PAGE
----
Andy Turner (Aim) grew up in the small coastal town of Barrow-in-Furness, England. A child of the 70’s, he sought escape through a combination of obscure video nasties, US TV classics like Quincy and Starsky & Hutch, and through bands like Adam And The Ants and Tubeway Army. Later came The Smiths and The Wedding Present and before long Andy was playing drums and writing songs for his band The Chelsea Flower Show.
During the late 80’s / early 90’s, Andy was drawn to underground clubs and warehouse raves where he was in awe of tracks like Psychotropic’s ‘Hypnosis’ and Unique 3’s ‘The Theme’. He soon ditched his drum-sticks for decks and started out as a DJ, making regular trips to Manchester’s Eastern Bloc and Spin Inn Records, and putting on basement parties in his home town.
In 1990 he opened Speed Limit Records, his own vinyl only specialist record store, selling up-front UK white labels and US & European imports to DJ’s from across the north-west. Through Speed Limit distribution contacts Andy had access to just about any record released at the time. Fatefully, this was hip-hop’s ‘golden age’ and week after week he would be sent boxes full of life-changing hip-hop LP’s and 12″s by the likes of Nas, A Tribe Called Quest, Pete Rock, Diamond D, Souls of Mischief and Main Source. Inspired by these masterpieces, Andy bought a Commodore Amiga and started making beats.
A demo found it’s way to Manchester’s Grand Central Records who signed him immediately. During his 8 years with the label he released the acclaimed albums ‘Cold Water Music’, ‘Hinterland’ and ‘Means of Production’, along with a number of sought after 12″s including the ‘Pacific North West EP’ and the ‘Loop Dreams Remix EP’.
In 2004 Andy left Grand Central and, along with Niko and ex GC label manager Iain Cooke, set up ATIC Records. He released the fourth Aim album ‘Flight 602’ in 2006 and toured extensively with his live band, selling out Shepherd’s Bush Empire and smashing Glastonbury along the way. ‘Flight 602’ cemented Aim’s reputation as one of the UK’s leading underground artists, achieving a kind of cult following, whilst straddling the impossible void between creative independence and inescapability.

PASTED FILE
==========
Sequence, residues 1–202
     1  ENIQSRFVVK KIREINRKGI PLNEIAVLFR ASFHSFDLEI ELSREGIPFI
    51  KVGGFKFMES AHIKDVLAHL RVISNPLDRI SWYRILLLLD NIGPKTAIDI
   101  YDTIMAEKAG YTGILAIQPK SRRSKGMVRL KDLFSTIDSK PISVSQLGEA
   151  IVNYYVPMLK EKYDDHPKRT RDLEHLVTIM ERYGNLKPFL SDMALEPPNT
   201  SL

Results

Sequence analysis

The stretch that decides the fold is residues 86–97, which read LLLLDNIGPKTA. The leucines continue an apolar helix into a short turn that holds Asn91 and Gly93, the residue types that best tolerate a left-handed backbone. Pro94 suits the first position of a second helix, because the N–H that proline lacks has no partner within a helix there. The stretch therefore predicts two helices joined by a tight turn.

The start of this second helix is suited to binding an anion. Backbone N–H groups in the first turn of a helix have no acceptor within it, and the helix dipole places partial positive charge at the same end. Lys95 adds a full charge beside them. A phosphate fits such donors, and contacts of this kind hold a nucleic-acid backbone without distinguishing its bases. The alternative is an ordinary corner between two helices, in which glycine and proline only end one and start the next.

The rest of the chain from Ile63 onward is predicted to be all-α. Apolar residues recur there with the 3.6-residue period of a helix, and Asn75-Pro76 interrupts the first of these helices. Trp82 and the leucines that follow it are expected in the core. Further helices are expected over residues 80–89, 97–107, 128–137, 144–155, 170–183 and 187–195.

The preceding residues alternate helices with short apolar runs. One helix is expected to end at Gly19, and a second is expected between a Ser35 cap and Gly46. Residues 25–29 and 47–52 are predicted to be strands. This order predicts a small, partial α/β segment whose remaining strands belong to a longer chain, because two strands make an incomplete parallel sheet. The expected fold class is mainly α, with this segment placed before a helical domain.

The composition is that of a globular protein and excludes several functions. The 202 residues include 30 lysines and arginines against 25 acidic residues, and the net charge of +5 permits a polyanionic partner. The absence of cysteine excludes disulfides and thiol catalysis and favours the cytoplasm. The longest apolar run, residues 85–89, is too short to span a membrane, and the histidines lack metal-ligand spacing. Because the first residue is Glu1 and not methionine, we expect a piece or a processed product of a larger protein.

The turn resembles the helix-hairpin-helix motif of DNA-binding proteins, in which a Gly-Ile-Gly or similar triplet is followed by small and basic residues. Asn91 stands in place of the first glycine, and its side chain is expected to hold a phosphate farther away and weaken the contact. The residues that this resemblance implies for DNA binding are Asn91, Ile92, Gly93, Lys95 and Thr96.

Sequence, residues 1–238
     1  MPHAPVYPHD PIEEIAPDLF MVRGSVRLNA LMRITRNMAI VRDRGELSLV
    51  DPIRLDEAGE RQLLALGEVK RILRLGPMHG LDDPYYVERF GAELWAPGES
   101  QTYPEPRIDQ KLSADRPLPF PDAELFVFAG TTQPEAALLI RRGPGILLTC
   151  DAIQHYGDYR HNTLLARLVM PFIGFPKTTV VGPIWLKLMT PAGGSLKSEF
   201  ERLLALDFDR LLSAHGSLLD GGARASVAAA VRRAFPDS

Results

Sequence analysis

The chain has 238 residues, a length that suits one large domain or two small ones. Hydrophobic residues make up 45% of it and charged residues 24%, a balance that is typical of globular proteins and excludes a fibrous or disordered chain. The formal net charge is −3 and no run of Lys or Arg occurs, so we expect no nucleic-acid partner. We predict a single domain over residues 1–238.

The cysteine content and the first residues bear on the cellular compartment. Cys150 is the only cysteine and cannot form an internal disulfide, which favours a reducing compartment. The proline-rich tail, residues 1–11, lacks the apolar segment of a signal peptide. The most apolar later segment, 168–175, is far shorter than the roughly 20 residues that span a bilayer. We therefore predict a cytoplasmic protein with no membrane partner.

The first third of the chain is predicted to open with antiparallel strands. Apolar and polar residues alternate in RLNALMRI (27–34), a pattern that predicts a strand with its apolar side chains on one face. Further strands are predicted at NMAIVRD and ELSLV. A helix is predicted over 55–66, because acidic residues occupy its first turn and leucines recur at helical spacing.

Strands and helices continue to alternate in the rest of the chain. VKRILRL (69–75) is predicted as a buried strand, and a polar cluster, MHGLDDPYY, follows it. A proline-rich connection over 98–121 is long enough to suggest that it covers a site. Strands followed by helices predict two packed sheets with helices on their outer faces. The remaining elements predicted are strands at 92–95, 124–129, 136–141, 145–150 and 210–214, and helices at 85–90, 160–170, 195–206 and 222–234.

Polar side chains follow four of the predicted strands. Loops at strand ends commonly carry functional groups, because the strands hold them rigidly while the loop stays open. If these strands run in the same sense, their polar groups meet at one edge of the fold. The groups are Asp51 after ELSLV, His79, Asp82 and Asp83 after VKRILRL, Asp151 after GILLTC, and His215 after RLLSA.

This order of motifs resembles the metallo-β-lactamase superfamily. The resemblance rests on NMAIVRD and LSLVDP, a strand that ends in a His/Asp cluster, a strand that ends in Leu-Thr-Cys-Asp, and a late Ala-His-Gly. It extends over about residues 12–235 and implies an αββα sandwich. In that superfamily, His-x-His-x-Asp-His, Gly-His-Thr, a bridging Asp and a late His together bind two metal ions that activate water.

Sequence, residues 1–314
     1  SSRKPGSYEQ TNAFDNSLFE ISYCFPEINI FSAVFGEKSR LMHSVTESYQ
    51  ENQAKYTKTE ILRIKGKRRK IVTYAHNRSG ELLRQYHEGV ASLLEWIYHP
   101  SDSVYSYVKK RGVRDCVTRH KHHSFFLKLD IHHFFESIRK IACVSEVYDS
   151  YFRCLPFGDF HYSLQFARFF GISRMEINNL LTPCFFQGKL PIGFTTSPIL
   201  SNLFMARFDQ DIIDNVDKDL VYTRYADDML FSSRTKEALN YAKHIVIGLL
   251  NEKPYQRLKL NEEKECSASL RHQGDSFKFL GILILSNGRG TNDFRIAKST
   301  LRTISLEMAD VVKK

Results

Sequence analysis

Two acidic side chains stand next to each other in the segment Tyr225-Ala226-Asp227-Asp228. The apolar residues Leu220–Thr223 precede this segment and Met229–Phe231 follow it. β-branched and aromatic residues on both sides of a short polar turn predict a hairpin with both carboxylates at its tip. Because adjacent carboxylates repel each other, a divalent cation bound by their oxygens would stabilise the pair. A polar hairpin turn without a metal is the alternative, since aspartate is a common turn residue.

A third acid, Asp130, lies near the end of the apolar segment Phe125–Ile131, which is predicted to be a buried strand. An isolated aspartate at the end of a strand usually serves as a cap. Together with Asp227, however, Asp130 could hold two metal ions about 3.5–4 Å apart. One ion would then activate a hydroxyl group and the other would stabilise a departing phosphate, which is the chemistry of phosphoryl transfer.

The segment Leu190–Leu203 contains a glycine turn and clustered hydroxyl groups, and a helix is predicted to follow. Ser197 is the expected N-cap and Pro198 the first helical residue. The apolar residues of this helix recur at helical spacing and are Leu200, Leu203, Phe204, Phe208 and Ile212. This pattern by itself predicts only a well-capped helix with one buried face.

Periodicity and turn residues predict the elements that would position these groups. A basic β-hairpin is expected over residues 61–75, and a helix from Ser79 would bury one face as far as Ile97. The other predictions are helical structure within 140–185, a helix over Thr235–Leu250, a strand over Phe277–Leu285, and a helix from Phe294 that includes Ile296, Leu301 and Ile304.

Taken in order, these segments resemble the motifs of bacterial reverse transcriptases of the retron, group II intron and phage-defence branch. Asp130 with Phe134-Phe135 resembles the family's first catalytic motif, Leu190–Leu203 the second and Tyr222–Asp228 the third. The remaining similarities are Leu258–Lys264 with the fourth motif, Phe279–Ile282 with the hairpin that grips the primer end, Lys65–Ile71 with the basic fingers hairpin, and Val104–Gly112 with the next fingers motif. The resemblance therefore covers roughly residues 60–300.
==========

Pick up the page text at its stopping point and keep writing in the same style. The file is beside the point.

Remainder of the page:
2014 saw the release of the first ever Aim ‘best-of’ compilation. ’Drum Machines & VHS Dreams’ dropped to universal acclaim, MIXMAG called it “a timeless retrospective of [Aim’s] best beats… reminding us of the haunting crisp aesthetics and cinematic breaks and samples that defined an era,” whilst Record Collector said “as we reach the mid-point of the album, it [Cold Water Music] rises from the surrounding countryside like a national monument to melancholia.”
In 2015 ATIC Records released what is arguably Aim’s best work to date. The long awaited full-length collaboration album ’The Habit of a Lifetime (And How to Kick it)’ saw Aim team up with long time friends and Long Island legends QNC over eleven classic hip-hop tracks. Again, the reviews were amazing. Mixmag called it “a testament to the best that hip hop can still offer” whist both Dan Hegarty of RTE 2fm, and the popular beats and breaks site ‘monkeyboxing.com’ awarded the record their coveted ‘Album of the Year’ accolade.
2016 sees Aim keeping up the pressure with a vinyl re-release of his debut album ‘Cold Water Music’ which has been fully remastered from the original DAT tapes, production work on Niko’s upcoming EP and the first drop from his exciting collaboration with legendary Chorley MC Mikey DON (Krispy 3).
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